To put it in perspective, Wodehouse was born in 1881 and published his first school stories in 1902. By the end of that decade, he was writing comedy in short-story form, with the Psmith and Ukridge stories, and turning those into books as well. The first Jeeves and Wooster story came in 1915, and their first collection in 1919. He was writing at least a couple of serials for magazines a year - Sally appeared first in Colliers - and my assumption is that market still wanted things that were more conventional than pure Wodehouse, but he was moving them in that direction in the late Teens and through the Twenties.

Last year I read Sam the Sudden, from the same era - that was a 1925 novel, slightly goofier in its set-up but still somewhat grounded in conventional plots and aiming for conventional emotional payoffs near the ending. I think Wodehouse's non-series Twenties novels would be an interesting study - Money for Nothing came out in 1928, and was the full mature soufflé, with nothing left of the serious novel in it.

I'm wasting space here comparing Sally to other books mostly because Wodehouse is hard to write about. Transitional Wodehouse is a bit easier, since I can point to the comparisons and make a vague claim that this is at about 80% of his full comic power.

But the story here will sound very conventional: Sally is a young American woman, living just a year or two before the publication date (the raging Spanish flu is a plot point). She and her older brother Fillmore were kicked out a few years back by the requisite hard-hearted uncle, keeper of their money, but she is now twenty-one and he twenty-five, meaning they came into their full inheritances and no longer need to live in a cheap boarding-house and work as a taxi dancer (her) or a waiter (him).

Sally is secretly engaged to a wannabe playwright, the production of whose first play Fillmore is loosely connected to. Also looped into the action are two Englishmen, a red-headed ne'er-do-well who becomes the main love interest very late and his cousin, a rich supercilious lawyer and representative of the serious side of the family.

Sally goes to a beach in France with her inheritance, chases the in-rehearsals play through a try-out town or two, and has a succession of moments related to one or more of those complications. Wodehouse runs them mostly out on a string here, one complication following another rather than the escalating cascade of his best major work - and also plays the plot basically seriously, though his narrative voice is supple, funny, and doesn't entirely treat it seriously. It is all episodic; this is one of the books that really shows that it was originally a serial.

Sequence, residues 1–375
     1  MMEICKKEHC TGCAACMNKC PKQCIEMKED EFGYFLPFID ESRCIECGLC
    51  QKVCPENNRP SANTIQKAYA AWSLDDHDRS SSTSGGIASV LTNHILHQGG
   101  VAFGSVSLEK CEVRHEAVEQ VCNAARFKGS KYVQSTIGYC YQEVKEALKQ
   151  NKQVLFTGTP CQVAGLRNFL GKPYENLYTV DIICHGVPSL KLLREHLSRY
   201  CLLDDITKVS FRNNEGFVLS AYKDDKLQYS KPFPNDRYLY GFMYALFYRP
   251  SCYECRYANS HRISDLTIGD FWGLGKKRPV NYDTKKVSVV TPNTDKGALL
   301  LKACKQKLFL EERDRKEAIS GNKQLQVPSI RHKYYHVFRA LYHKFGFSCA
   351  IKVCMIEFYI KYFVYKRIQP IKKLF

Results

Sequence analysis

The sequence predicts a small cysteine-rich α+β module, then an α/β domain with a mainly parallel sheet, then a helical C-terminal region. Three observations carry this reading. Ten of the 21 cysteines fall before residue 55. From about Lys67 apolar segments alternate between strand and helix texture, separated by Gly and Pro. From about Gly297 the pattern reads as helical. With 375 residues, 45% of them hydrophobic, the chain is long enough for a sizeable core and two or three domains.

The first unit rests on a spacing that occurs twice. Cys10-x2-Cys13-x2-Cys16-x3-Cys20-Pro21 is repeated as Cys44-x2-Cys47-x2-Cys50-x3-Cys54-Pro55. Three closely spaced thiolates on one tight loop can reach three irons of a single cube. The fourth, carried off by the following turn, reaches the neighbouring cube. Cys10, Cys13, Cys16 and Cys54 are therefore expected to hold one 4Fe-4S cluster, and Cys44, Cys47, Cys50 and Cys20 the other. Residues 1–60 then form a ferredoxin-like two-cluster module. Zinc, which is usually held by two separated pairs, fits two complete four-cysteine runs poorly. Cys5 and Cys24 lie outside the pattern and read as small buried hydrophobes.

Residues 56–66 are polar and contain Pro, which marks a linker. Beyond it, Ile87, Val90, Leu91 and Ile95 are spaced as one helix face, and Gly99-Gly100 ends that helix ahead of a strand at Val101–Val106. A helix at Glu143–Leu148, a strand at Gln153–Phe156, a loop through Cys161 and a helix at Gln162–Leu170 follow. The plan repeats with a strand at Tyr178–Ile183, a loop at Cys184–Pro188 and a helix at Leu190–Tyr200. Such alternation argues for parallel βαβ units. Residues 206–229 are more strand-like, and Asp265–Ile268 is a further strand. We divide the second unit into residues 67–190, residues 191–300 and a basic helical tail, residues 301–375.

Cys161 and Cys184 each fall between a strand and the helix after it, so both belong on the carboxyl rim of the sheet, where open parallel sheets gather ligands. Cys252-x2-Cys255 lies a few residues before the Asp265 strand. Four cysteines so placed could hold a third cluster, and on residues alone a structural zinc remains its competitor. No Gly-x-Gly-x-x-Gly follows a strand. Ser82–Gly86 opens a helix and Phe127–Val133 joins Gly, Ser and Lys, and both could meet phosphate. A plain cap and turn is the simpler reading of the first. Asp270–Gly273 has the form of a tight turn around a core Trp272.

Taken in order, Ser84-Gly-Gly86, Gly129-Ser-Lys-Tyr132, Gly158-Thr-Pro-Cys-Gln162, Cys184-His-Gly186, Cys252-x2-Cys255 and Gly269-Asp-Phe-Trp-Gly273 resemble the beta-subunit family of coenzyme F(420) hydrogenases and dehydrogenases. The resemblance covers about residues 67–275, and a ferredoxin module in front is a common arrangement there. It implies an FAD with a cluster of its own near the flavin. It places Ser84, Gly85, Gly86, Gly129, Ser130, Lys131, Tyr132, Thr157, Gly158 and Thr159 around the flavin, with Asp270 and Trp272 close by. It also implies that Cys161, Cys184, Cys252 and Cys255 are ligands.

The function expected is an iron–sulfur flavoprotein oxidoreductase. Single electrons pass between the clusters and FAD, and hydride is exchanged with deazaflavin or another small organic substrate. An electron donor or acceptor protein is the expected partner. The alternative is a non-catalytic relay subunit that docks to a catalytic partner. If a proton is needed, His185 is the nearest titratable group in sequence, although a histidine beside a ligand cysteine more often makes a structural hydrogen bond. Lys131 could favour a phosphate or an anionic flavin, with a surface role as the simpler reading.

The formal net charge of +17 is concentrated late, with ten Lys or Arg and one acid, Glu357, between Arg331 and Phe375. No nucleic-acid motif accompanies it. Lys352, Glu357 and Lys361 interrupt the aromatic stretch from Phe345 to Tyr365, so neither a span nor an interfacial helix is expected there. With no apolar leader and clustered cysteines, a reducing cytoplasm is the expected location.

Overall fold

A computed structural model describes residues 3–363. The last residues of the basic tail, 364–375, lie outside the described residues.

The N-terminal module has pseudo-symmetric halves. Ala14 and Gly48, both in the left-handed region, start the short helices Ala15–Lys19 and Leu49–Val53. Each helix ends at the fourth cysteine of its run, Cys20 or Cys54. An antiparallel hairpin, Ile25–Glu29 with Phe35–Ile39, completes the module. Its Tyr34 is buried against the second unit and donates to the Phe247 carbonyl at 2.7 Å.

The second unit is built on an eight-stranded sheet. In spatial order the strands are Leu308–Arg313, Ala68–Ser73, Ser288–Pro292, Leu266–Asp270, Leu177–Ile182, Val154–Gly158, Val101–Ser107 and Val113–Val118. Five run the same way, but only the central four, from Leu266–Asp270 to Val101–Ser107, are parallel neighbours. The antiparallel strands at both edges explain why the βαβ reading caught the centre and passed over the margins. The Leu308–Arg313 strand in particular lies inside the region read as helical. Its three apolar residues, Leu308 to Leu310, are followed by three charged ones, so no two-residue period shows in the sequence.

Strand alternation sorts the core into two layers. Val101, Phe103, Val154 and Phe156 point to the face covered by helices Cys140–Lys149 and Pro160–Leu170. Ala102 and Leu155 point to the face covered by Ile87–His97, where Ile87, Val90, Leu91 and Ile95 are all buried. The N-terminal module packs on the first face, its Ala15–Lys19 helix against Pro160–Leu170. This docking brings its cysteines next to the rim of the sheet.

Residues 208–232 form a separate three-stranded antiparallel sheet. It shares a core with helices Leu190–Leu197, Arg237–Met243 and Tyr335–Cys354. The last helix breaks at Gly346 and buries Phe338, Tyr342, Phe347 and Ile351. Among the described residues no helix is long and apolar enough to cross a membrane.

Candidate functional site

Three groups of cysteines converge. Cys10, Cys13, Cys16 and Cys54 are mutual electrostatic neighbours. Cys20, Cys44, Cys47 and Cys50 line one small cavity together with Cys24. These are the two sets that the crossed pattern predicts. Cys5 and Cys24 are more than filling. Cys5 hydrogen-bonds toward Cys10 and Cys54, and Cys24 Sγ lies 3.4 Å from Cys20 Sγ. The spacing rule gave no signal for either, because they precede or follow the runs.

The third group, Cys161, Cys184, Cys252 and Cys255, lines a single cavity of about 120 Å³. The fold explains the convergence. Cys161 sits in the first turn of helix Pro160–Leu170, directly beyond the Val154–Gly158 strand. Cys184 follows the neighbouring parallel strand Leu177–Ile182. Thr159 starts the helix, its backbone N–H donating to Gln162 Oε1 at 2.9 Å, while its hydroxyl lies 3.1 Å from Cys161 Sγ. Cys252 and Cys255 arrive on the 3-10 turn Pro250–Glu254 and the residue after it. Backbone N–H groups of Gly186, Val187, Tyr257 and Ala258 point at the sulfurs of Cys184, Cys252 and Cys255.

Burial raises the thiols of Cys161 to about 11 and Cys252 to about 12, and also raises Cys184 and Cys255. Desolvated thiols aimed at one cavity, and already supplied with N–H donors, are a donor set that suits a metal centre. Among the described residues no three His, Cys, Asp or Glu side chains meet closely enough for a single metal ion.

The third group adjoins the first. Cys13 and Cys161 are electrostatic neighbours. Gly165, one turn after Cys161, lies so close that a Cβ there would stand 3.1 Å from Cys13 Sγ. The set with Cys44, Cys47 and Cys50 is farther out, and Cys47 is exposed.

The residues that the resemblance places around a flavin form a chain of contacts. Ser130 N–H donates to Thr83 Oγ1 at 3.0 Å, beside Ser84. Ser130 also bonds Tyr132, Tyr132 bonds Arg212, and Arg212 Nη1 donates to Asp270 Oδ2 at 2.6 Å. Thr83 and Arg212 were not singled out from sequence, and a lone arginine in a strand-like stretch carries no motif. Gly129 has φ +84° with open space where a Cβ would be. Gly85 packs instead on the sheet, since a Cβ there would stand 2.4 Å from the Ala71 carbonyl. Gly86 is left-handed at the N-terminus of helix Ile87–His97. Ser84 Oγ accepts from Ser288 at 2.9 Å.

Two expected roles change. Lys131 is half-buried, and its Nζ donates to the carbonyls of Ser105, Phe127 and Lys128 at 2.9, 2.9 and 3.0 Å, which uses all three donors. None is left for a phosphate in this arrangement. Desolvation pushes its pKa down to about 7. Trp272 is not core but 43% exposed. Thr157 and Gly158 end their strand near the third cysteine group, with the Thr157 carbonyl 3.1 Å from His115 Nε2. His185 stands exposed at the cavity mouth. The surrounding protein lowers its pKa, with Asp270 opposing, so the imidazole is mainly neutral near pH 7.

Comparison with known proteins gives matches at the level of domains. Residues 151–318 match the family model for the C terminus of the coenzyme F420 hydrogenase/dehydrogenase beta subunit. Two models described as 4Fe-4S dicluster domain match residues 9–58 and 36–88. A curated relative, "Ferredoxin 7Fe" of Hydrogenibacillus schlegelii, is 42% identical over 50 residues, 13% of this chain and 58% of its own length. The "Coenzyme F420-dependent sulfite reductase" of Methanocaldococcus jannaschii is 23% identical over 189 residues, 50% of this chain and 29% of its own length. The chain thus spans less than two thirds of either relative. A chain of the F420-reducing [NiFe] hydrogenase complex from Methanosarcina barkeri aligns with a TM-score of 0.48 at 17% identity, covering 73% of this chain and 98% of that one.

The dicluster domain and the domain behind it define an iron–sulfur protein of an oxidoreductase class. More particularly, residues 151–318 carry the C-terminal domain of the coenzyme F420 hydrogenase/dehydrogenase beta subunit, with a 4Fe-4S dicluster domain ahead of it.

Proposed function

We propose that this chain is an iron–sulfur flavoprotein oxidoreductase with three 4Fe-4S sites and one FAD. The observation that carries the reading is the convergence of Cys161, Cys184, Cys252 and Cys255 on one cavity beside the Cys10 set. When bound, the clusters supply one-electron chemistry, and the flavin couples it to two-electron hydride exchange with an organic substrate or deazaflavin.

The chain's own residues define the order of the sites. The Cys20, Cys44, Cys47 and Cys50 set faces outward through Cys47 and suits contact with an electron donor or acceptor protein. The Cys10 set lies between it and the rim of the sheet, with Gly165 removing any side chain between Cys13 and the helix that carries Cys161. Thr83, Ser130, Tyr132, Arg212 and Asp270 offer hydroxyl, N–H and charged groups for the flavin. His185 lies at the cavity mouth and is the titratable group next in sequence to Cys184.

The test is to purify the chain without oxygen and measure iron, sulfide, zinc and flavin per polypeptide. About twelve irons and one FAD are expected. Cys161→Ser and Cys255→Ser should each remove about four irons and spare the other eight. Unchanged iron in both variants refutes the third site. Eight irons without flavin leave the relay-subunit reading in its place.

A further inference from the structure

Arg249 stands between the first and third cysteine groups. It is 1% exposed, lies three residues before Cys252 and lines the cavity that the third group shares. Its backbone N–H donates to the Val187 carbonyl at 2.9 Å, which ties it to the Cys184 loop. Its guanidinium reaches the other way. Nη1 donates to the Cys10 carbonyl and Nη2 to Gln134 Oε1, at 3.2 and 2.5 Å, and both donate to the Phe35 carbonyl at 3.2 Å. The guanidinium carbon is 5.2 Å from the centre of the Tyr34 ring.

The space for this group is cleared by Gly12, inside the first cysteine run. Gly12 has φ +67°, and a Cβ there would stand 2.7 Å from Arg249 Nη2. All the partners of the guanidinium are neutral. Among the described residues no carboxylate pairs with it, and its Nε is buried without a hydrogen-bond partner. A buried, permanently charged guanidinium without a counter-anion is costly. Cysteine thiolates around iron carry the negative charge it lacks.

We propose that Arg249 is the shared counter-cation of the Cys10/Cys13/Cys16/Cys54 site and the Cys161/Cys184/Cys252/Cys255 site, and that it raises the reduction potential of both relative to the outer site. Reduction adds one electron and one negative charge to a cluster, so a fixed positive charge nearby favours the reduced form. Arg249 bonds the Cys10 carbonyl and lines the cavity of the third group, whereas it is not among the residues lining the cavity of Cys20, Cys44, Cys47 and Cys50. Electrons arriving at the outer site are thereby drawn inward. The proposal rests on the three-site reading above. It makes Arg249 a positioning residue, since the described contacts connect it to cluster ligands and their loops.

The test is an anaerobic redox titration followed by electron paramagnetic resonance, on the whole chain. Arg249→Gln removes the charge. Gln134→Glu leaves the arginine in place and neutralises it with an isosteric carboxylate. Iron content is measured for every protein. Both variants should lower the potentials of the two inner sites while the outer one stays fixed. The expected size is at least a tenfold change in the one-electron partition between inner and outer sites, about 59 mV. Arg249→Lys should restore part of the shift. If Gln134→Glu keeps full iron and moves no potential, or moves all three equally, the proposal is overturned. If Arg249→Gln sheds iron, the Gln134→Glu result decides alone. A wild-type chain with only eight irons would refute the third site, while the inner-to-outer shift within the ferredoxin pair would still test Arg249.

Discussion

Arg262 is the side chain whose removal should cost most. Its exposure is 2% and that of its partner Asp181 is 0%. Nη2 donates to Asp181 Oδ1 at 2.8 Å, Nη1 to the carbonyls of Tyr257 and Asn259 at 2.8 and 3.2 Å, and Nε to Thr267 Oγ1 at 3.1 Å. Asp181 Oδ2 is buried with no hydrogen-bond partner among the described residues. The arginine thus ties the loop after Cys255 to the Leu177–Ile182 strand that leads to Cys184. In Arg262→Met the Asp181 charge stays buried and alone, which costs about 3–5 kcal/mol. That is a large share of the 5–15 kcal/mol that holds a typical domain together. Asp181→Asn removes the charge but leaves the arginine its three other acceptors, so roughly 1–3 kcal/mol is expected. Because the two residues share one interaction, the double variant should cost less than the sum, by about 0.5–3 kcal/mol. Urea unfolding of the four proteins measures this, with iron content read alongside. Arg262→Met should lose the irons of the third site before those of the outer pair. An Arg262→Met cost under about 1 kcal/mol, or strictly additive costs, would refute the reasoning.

But it's full of funny asides - the action is straightforward light-adventure; the narration and descriptions is the source of the comedy - and the prose is very Wodehousian. Again: transitional. Interesting both as a pretty funny Wodehouse book, and as a book in which Wodehouse was writing his way closer to being the Wodehouse we expect.

Let me close with a quote - this the kind of thing you can expect from The Adventures of Sally. If it appeals, try something from this Wodehousian era:

The world of the theatre is simply a large nursery and its inhabitants children who readily become fretful if anything goes wrong. The waiting and uncertainty, the loafing about in strange hotels in a strange city, the dreary rehearsing of lines which had been polished to the last syllable more than a week ago - these things had snapped the nerve of the Primrose Way company and demoralization had set in. It would require only a trifle to produce an explosion. (pp.96-97)

Monday, March 25, 2024

Portions for Foxes: Creature

"Portions for Foxes" is a series of weekly posts, each about one song by a woman or a band led by a woman. See the introduction for more.

Some songs you know just what they're about. Some don't.

This week, I have one of the latter. I love it: it makes me happy with its peppy energy. But I couldn't explain it if you paid me.

This is Bridgette Bardot by Creature. It's kinda sorta about the French actress, maybe, not really.

Would you say no to Brigitte Bardot?
I would never!
Kids say they know Brigitte Bardot
I know her better!
Make an escape like Brigitte Bardot
Get me out of here!

Um, yeah. I vaguely thought the band were European, maybe singing in a language not their own, but, while working on this post, I just discovered that they're Canadian, so...I now think the randomness and quirkiness are just the dance-music influence.

And, anyway, a song doesn't need to mean anything. It just need to sound right. This one sounds great, and if I were the kind of person who actually likes to dance, it would get my feet moving right quick. Hope it does the same for yours.

Sunday, March 24, 2024

Reviewing the Mail: Week of March 23, 2024

These books didn't come in the mail; I had an eye doctor appointment this last Monday, and my long-time doctor has an office on the fringes of the Village (or is 13th Street still Chelsea? I'm not dogmatic, or terribly well-informed, about the exact boundaries of Manhattan neighborhoods).